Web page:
For seasoned runners like Sinead Howard and Patricia O'Neill, who are members of Blackrock Running Club, things changed during the pandemic. They went from running in groups to running alone, and as women, it brought an added pressure.

Patricia said she became more cognisant of being alone.

"Before the pandemic, I would have been running with groups or with friends, and then suddenly I found myself running alone a lot and you'd be very aware of who was around you and if there were other people on the road, or men only."

She said if a van were parked on the road, she would run around it rather than run on the inside.

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The issue of women's safety came under the spotlight after the murder of Ashling Murphy in Tullamore, Co Offaly, who was killed while running along a canal bank yesterday.

A study last year by the UK magazine Runner's World showed that 60% of women have been harassed on a run and 6% have feared for their life on a run.

47% run with a phone, 40% said they told someone their route and 39% changed their routes.

Sinead is the Women's Captain at Blackrock Running Club.

Sinead and Patricia of Blackrock Running Club

It is a large club with a growing membership and there has been an increase in the number of women who have joined.

She usually wears a high-vis jacket, a light, and an armband - and not just by night or for the benefit of traffic.

Being seen by pedestrians also helps to keep her safe.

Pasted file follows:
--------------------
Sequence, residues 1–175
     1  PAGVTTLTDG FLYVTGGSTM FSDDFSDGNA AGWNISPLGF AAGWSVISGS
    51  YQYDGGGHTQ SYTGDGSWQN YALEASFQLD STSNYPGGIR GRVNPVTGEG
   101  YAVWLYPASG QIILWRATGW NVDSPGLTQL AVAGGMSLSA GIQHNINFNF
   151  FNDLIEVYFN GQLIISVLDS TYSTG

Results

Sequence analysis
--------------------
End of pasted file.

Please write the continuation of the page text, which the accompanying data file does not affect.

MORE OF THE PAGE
Patricia said that when she runs alone, she does not feel safe all the time.

The broader question of safety has been examined by Women's Aid which has kept a record of the violent deaths of women in Ireland since 1996.

Since then, 244 women have been killed.

Of the resolved cases, 87% were perpetrated by a man known to the victim and 13% by strangers.

CEO of Women's Aid Sarah Benson said while incidents of fatal violence against women that are perpetrated by a stranger are rare, it is a fear that many women carry day-to-day.

"They aren't necessarily inexplicable circumstances. They're very much occurring in the context of those everyday sexist behaviours, which lead along a really long spectrum, but can lead to these fatal acts," she said.

CEO of Women's Aid Sarah Benson

Ms Benson said it was important not to "fall into those stereotypical reflections", looking at where an attack took place or the behaviour of the victim.

She said it was more important to examine male violence against women.

"The sexism, the casual comments, which then lead to the casual gropings, which then leads to the massive violence to sexual assaults. All of these things lie along the spectrum, and the only way we are actually going to solve that is if we actually look at what is the causal factor and how men and women can work together to combat it."

The Dublin Rape Crisis Centre said it was aware that throughout Ireland, people, and in particular many women, have been upset and fearful "because of the reality of gender-based violence in society" which primarily affects women.

"Such violence is most often perpetrated by people known to victims/survivors but whether from someone they know or from a stranger, the reality is that women understand that they are particularly vulnerable simply by virtue of their gender."

Safe Ireland has called for an immediate public and political response to what it has described as the ever-increasing rates of violence against women.

CEO Mary McDermott said Ashling Murphy's death was another manifestation of the growing epidemic of violence against women in Ireland.

"It is incumbent on all of us to be outraged at the escalating social and cultural assault on women’s safety; the paralysis of communities to be able to respond, and the resistance of political actors to confront and resource the elimination of violence against women," she said.